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January 02, 2019, 05:08:39 PM
Last edit: January 02, 2019, 05:25:55 PM by jackg
 #15

Both phone numbers and SMS gateways are centrally controlled, so there's no way to decentralize phone verification in an automated manner (similar to how converting crypto- to fiat-currencies requires cooperation with the classical banking system).

Actually, in that case, a system such as whatsapp could be used for verification.
If you make it more email based then it'll work better.

I've often thought Bitcoin has a similar issue to TOR, no one without money can derive an address they can easily remember. Facebook had to devote an entire datacentre to mine Facebookcorewwwi.onion for example for a week.

I know some of the seeds that store fudns in my wallet from memory and it seems odd that it's easier to remember my private keys more than I can my public keys (most of those seeds don't hold anything any more because it's not very secure if you can remember them).


Currently there are 2048 words in the wordlist for bip32
This means that there would be ceiling(log(2^256)/log(2048))=24 words...

If I use a few dictionaries and add Welsh and German and potentially a few other languages, that number can be reduced. With three languages, it becomes a length of 20 words - although that would be a stupid idea as welsh is evolving into english or it evolved from the same language (I'm not sure which is true, I think it's the first because it doesn't sound as western european as german and french do).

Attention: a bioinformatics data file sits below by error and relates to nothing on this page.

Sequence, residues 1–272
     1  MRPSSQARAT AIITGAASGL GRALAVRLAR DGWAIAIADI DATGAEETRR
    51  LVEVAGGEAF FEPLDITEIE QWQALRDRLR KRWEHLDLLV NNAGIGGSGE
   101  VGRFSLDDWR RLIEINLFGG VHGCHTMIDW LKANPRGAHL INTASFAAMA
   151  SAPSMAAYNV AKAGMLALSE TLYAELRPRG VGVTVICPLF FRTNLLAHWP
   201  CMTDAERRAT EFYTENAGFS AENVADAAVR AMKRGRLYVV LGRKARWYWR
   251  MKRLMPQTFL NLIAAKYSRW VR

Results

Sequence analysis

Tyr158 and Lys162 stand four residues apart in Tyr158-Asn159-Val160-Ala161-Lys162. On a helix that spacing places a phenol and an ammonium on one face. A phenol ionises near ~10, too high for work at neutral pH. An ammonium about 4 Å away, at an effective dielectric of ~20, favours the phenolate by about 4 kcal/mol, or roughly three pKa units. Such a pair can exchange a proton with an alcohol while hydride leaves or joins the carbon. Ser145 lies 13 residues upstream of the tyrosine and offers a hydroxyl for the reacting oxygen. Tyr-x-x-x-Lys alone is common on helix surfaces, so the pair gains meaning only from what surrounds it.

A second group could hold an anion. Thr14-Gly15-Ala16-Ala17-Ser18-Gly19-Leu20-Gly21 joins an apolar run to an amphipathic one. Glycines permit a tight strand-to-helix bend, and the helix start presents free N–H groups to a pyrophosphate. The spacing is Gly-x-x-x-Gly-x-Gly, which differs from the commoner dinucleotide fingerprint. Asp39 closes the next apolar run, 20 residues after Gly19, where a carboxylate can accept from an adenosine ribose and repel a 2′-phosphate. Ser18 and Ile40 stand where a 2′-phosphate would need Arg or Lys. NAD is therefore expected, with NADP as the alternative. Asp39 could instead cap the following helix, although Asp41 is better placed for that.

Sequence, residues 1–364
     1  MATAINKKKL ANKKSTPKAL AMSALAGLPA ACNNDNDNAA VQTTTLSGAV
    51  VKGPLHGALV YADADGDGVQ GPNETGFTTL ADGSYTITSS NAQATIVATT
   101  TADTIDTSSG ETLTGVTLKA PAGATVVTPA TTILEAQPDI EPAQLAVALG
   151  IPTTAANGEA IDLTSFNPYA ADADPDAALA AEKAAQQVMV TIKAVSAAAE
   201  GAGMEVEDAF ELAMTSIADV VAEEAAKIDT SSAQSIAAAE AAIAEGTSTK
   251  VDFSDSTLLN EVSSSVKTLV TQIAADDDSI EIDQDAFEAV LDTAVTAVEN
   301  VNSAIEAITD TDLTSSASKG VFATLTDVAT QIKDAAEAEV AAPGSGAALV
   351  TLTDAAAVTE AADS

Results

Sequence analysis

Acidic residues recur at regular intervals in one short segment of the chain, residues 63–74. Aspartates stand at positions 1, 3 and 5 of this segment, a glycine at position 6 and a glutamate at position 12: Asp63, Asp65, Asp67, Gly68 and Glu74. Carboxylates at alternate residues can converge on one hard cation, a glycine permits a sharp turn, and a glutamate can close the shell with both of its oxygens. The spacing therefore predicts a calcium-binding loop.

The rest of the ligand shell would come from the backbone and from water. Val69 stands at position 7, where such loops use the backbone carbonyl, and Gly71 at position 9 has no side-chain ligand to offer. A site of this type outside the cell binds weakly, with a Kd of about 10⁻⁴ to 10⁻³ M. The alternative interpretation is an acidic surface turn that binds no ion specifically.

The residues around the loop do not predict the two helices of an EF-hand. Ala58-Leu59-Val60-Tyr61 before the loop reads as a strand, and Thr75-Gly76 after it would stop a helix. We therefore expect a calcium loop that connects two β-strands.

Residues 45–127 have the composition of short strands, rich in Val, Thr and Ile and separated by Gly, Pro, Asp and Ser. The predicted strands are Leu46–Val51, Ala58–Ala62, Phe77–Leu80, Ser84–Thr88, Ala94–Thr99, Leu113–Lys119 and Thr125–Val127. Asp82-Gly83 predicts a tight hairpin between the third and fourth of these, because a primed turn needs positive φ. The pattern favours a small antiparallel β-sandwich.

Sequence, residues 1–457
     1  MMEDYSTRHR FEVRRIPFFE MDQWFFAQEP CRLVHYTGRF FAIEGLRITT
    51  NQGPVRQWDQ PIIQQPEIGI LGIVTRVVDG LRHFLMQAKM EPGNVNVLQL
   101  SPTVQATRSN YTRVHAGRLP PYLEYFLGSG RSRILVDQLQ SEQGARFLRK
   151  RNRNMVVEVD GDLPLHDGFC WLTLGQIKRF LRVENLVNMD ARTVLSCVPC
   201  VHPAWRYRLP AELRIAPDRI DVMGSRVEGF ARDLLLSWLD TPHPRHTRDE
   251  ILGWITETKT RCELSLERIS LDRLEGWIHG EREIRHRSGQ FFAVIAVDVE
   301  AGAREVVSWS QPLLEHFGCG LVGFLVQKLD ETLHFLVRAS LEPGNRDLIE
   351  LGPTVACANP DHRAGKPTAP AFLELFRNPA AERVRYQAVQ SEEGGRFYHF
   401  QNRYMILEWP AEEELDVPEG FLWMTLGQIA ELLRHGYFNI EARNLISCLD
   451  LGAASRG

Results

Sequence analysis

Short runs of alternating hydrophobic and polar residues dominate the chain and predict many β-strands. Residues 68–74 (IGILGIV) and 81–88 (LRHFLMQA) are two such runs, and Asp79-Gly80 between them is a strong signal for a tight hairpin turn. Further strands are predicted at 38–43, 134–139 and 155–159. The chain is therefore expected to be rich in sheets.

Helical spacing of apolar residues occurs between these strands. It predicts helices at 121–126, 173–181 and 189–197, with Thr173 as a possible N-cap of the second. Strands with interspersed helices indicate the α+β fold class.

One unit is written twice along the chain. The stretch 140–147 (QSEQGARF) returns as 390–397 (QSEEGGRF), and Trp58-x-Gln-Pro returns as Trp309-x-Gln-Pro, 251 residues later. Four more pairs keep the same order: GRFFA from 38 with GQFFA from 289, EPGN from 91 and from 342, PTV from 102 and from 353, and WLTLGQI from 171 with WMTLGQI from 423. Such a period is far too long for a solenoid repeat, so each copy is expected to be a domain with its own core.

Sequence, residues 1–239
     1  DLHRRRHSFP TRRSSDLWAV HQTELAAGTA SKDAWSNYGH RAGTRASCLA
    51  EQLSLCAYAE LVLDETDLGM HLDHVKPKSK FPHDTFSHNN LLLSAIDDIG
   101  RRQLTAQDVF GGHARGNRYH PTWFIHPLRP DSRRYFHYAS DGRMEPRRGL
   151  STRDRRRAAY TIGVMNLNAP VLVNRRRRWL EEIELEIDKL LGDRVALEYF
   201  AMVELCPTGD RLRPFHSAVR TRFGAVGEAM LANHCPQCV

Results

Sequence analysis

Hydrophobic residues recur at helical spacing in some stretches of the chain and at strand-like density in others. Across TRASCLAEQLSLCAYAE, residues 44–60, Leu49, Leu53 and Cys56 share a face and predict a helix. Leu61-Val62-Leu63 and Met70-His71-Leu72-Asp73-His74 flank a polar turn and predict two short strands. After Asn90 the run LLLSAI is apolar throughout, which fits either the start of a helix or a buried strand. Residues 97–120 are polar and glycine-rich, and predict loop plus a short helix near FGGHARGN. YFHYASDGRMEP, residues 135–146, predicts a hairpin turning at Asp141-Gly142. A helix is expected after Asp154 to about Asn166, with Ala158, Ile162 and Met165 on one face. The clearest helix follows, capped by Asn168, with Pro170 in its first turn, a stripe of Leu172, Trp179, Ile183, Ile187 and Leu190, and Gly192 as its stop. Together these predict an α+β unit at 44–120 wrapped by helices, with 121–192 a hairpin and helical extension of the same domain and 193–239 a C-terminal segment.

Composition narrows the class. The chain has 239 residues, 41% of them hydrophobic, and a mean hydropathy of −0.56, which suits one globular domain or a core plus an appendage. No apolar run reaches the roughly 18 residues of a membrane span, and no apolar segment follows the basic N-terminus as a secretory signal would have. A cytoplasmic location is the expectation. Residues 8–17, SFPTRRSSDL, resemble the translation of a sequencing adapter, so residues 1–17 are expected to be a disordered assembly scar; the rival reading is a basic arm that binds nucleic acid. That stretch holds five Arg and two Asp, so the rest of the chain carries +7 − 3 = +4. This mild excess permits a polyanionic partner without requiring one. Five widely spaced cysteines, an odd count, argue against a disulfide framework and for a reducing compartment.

The oxford dictionary supposedly has 171476 words in it, I get that to be 15 words for an address and then you would obviously need two checksums for such a thing so it would come to about 17 words all in all but it might be a bit confusing...

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January 02, 2019, 05:38:35 PM
 #16

Both phone numbers and SMS gateways are centrally controlled, so there's no way to decentralize phone verification in an automated manner (similar to how converting crypto- to fiat-currencies requires cooperation with the classical banking system).

Actually, in that case, a system such as whatsapp could be used for verification.
If you make it more email based then it'll work better.

I think phone based messengers such as WhatsApp also rely on SMS verification though?

https://faq.whatsapp.com/en/android/20970873/

Which would put us back to the problem of centralized SMS gateways.

Good point nonetheless, maybe there's a way to associate a phone number to a user via SIM card access. I have no idea what SIM data is available to apps however.


I've often thought Bitcoin has a similar issue to TOR, no one without money can derive an address they can easily remember. Facebook had to devote an entire datacentre to mine Facebookcorewwwi.onion for example for a week. 

Got any experience with Namecoin? I remember this project trying to solve the problem of decentralized name-derivation vs human readability but I never looked into the technical aspects to be honest.